Supermarkets should be made to pay more for the food packaging waste they create, according to a survey conducted by local councils.
The Local Government Association (LGA), which represents 466 authorities in England and Wales, said although the weight of supermarket food packaging had gone down over the past two years, almost 40 per cent of it still could not be easily recycled.
The LGA report argues that supermarkets should contribute towards the cost of recycling and waste disposal services so they are encouraged to produce less packaging in general.
As well as making recycling easier and more affordable this would also ease the burden of landfill tax on local government, it said.
Landfill tax costs councils £32 for every tonne of rubbish they throw away – a figure that will rise to £48 a tonne by 2010 – meaning that by 2011 an estimated £1.8billion will have been spent on it since 2008.
LGA chairman Cllr Margaret Eaton said: “Britain is the dustbin of Europe with more rubbish being thrown into landfill than almost any other country in Europe.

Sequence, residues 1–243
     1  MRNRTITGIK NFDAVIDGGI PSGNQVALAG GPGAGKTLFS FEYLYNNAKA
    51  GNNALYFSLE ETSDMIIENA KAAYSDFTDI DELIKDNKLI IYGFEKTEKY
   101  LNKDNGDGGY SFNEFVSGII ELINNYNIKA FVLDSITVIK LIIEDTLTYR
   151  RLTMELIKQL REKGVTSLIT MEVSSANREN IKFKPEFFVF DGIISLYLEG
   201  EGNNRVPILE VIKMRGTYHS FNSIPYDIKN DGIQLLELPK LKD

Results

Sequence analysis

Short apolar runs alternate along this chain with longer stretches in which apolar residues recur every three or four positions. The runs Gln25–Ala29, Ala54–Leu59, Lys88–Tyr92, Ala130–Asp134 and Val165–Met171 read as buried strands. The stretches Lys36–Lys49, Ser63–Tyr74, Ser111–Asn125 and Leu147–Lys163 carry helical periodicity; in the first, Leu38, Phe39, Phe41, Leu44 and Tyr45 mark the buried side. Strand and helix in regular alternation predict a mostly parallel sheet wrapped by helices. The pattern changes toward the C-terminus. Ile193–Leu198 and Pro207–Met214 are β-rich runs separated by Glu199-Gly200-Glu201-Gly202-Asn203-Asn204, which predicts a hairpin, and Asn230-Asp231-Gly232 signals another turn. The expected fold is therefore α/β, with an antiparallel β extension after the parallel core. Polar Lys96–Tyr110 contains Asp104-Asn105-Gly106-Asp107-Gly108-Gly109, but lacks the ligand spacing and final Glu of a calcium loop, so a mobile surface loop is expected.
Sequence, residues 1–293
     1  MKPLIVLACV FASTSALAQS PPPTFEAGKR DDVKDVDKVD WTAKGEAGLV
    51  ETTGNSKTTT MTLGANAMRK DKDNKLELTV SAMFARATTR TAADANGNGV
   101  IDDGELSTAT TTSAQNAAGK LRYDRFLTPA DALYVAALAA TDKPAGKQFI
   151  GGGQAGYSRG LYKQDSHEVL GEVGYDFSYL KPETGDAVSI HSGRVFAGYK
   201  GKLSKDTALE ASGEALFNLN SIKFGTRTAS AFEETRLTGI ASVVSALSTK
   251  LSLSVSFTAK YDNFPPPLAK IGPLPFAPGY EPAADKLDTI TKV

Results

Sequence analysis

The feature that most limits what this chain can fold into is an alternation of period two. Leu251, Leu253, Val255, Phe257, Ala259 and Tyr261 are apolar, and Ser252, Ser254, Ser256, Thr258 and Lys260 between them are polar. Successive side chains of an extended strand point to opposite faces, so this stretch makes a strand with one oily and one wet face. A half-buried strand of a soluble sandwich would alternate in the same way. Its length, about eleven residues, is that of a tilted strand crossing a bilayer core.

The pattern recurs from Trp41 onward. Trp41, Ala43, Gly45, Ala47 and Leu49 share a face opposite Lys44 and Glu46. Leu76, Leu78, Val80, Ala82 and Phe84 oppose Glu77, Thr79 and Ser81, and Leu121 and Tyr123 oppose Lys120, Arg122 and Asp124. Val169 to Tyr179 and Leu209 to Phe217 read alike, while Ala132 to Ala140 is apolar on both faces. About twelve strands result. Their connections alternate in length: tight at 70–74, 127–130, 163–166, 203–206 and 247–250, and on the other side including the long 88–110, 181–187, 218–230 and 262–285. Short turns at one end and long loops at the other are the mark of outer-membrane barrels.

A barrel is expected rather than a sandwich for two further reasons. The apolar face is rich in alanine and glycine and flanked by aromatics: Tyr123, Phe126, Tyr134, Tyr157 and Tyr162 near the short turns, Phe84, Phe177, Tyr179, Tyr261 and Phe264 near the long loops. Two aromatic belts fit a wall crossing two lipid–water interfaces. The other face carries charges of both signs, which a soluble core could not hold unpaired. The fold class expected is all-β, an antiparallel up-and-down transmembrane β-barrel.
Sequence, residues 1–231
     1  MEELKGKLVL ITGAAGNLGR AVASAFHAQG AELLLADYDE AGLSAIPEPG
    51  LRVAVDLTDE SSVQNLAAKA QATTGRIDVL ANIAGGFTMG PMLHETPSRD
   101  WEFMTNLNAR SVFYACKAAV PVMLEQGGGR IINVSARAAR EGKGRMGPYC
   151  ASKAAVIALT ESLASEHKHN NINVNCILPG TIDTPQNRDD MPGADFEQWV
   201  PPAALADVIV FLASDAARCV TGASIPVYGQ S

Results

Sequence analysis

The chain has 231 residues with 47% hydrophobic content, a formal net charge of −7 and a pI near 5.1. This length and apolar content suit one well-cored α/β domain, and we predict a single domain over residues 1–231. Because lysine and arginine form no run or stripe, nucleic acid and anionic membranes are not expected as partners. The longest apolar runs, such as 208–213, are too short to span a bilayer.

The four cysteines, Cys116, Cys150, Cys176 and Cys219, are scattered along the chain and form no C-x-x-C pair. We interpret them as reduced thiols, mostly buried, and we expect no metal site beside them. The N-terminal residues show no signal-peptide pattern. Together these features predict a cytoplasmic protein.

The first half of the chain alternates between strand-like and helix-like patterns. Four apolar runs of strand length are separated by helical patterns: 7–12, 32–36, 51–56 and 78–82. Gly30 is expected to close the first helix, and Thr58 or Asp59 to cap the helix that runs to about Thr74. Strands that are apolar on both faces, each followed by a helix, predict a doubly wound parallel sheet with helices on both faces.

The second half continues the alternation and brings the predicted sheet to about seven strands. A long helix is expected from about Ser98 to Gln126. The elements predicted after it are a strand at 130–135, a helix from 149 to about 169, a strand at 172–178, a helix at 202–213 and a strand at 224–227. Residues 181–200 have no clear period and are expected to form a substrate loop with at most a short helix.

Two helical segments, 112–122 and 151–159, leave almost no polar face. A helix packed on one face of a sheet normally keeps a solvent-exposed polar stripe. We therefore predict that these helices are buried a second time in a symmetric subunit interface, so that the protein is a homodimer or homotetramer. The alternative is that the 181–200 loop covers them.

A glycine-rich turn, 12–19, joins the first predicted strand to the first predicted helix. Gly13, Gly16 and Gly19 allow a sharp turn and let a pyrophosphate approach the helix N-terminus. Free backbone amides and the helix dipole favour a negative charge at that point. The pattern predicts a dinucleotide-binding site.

“Taxpayers don’t want to see their money going towards paying landfill taxes and EU fines when council tax could be reduced instead.”
She added: “If we had less unnecessary packaging it would cut costs and lead to lower prices. When packaging is sent to landfill, it’s expensive for taxpayers and damaging for the environment.
“Supermarkets need to up their game so it’s easier for people to help the environment.”
But the food and packaging industry branded the LGA’s findings as “nonsense”.
The British Retail Consortium said the survey failed to acknowledge the key role packaging played in preserving food.Its head of environment Bob Gordon said: “It’s a nonsense to suggest that retailers swathe their goods in masses of unnecessary packaging. This would simply be a pointless cost. Packaging reduces waste by protecting and preserving products.”
Jane Bickerstaffe, director of the Industry Council for Packaging and the Environment, added: “The report is naive.”